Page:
Yet the reason why this calculatedly anti-democratic strategic combination failed in the north and east this month is not because the government magnanimously permitted free and fair elections as its ludicrously optimistic defenders would like us to think. On the contrary, it was because two missing elements in the balance of power in the rest of the country were present in these former conflict areas and prevailed over all other considerations. First, the Tamil people were in no mood to be won over by superficial rhetoric which sought to replace genuine post war reconciliation needs with a development drive that resulted in the filling of the coffers of the politically powerful while doling out small concessions for the communities. As one woman voter in Jaffna said to a wire service after the polls ‘"Since the war ended, we feel Tamils are being treated like slaves…I am not saying that the LTTE did better, but we are not comfortable now" (Reuters, July 29, 2011).
Second, many of the Tamil voters saw a political party which they could vote for in opposition as representing their interests, however limited that choice may have been. The fact that the rest of the mainstream opposition fared so miserably is unsurprising given their total lack of direction and leadership.
Of course, abandoning its combination of charm and threats (largely successful electorally in 2010), the government may have gone all out and done a ‘Wayamba’ style election in the north and the east this time around. But given the current regional and international dynamics, this would have been unwise to the highest extent possible. And whatever may be believed of this administration, the risks it runs are far from being foolhardy. Likewise, we may anticipate the means that it will now inevitably employ to make sure that the local government results are not converted to a threat politically.
Warning that past tactics may not always hold good
So when we are requested to take notice of the government’s democratic credentials in ‘permitting’ a free and fair local government election in the north and east, it is difficult not to rudely snigger. The fact of the matter is that this was the first major occasion on which the government realized that its strategies may not work in terms of controlling electoral opinion. This is a warning that it will do well to take heed of. Post elections, political analysts have dwelt on the polarization of political opinion between the north and the east and the rest of the country. There may be some truth in this. Yet the perception that the electorate outside the north and east continues to be solidly behind the government may not necessarily continue to be the case.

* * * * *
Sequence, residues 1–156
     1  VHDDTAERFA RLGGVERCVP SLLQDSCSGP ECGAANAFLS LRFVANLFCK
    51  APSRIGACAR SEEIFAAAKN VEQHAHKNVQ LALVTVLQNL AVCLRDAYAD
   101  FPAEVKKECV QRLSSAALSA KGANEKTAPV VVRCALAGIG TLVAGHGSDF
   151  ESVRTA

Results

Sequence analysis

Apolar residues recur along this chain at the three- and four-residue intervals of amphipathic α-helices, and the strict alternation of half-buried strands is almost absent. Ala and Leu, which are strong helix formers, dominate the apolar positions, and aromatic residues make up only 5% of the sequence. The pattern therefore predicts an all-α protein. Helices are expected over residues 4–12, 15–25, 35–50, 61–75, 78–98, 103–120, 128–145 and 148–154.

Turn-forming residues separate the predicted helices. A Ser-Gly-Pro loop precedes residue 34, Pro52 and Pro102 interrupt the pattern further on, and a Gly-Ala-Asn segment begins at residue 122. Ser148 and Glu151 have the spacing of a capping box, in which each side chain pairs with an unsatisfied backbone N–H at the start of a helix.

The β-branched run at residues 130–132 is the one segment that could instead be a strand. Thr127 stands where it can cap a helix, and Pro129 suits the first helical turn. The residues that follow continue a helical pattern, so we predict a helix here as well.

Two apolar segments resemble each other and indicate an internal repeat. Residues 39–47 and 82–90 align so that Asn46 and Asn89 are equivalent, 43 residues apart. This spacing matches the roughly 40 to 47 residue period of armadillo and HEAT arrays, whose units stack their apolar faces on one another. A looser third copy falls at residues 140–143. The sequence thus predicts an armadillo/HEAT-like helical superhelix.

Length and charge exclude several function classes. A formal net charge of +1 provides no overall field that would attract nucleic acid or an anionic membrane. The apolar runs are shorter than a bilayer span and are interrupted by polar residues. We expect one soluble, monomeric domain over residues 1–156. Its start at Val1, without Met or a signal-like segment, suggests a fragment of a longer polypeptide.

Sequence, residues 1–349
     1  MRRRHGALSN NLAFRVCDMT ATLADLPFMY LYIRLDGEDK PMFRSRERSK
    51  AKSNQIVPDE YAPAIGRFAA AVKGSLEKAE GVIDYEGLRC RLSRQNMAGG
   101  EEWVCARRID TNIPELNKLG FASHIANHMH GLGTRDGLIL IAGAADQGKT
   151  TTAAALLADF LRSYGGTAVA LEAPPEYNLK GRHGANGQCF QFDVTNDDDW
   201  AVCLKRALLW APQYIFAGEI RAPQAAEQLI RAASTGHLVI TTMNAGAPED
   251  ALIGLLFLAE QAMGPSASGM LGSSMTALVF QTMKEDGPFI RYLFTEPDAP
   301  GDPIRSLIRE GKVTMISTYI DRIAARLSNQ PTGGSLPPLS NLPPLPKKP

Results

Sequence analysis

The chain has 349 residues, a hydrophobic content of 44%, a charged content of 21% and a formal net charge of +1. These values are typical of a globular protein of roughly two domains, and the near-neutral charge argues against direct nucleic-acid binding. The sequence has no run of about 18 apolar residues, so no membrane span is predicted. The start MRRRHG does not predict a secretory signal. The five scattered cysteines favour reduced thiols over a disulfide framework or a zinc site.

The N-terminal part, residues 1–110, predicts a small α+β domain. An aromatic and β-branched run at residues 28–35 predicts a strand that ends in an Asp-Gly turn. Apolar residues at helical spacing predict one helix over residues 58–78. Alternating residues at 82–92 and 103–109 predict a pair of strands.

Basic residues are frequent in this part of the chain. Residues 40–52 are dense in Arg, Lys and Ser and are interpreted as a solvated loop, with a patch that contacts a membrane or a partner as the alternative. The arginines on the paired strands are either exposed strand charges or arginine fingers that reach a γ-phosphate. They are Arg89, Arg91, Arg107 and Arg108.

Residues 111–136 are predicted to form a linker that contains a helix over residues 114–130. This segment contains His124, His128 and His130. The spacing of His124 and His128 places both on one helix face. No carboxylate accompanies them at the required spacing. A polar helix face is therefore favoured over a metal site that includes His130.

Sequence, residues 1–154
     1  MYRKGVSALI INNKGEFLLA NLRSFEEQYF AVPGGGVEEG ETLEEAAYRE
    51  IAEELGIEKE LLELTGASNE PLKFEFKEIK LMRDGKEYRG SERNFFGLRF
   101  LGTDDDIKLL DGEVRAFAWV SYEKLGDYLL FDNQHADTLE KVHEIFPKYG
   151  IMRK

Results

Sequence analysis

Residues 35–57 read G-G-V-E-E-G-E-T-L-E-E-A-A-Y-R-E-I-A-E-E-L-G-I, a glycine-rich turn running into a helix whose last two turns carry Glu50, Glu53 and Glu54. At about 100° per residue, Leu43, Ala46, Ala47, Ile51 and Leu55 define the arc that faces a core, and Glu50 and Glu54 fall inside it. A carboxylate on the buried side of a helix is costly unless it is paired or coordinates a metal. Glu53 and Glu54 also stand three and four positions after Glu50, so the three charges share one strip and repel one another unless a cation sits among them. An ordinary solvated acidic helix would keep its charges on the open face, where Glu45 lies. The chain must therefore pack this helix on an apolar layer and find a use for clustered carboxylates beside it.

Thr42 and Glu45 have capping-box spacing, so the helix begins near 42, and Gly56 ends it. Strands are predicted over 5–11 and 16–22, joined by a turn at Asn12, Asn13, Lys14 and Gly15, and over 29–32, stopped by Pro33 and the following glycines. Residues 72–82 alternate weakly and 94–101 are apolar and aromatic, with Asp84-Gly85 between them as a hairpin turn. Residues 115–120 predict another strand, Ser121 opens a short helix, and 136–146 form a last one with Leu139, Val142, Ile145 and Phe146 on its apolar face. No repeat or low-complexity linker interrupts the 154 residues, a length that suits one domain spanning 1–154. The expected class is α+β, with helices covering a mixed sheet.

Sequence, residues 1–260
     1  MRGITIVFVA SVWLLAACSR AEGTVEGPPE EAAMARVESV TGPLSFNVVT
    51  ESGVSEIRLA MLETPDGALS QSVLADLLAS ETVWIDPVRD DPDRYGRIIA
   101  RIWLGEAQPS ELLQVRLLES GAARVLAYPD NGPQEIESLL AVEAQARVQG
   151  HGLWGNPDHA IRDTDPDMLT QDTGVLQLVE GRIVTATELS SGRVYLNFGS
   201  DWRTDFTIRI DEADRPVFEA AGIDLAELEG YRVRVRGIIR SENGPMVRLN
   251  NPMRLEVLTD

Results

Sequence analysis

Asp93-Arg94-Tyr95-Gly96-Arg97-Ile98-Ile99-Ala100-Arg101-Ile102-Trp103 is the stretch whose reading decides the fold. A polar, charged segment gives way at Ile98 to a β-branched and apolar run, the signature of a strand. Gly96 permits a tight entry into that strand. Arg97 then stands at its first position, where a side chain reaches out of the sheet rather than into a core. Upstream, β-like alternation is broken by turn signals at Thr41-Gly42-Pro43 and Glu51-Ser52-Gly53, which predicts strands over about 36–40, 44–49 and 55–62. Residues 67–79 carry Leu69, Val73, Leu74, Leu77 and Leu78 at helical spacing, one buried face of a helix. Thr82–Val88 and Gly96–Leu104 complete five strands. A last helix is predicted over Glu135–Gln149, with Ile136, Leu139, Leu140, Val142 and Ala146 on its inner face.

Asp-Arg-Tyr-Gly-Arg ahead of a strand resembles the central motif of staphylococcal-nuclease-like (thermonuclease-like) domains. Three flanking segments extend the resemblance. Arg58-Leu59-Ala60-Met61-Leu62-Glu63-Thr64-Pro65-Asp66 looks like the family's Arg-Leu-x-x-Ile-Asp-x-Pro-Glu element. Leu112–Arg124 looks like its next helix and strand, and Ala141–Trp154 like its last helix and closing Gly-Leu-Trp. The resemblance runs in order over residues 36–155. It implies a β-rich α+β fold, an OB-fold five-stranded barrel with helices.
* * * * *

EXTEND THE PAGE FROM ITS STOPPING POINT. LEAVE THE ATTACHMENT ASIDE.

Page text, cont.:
With increasingly gargantuan corruption, rising economic woes and confrontations with sectors of society ranging from trade unions to university academia, past tactics of capturing public opinion may not always hold good. In discussions mid this week with some practitioners of the Matara Bar for example, considerable disaffection with the way that the country is being run, (emanating even from those who supported this regime at last year’s polls), was clearly evident.
It may also not always be possible for the government to cling onto that exceedingly useful international war crimes cry. Even in the absence of an effective opposition therefore, it may become increasingly difficult for the regime to hold back popular rebellion. And it is certainly opportune for President Mahinda Rajapakse at least now, to realize the value of safeguarding constitutional democracy for the good of his own administration, if the good of the country is no longer a persuasive reason.
© The Sunday Times
Monday, August 01, 2011
By Dr.Kumar David | Lakbima News
The other side of the story is equally dramatic. Every council or sabha in the rest of the country (Sinhalese majority) was won by the UPFA usually with 60 to 65% share and in a few cases above 70%. The UNP was locked down to its core 30% - that is, it failed to win any floating votes - and the JVP was stuck at about 4%. All this has been commented on profusely and I will not repeat any of it. I have a different take on what lies at the root of the two communities raising barriers, locking gates and turning their backs on each other. Let me place it before you.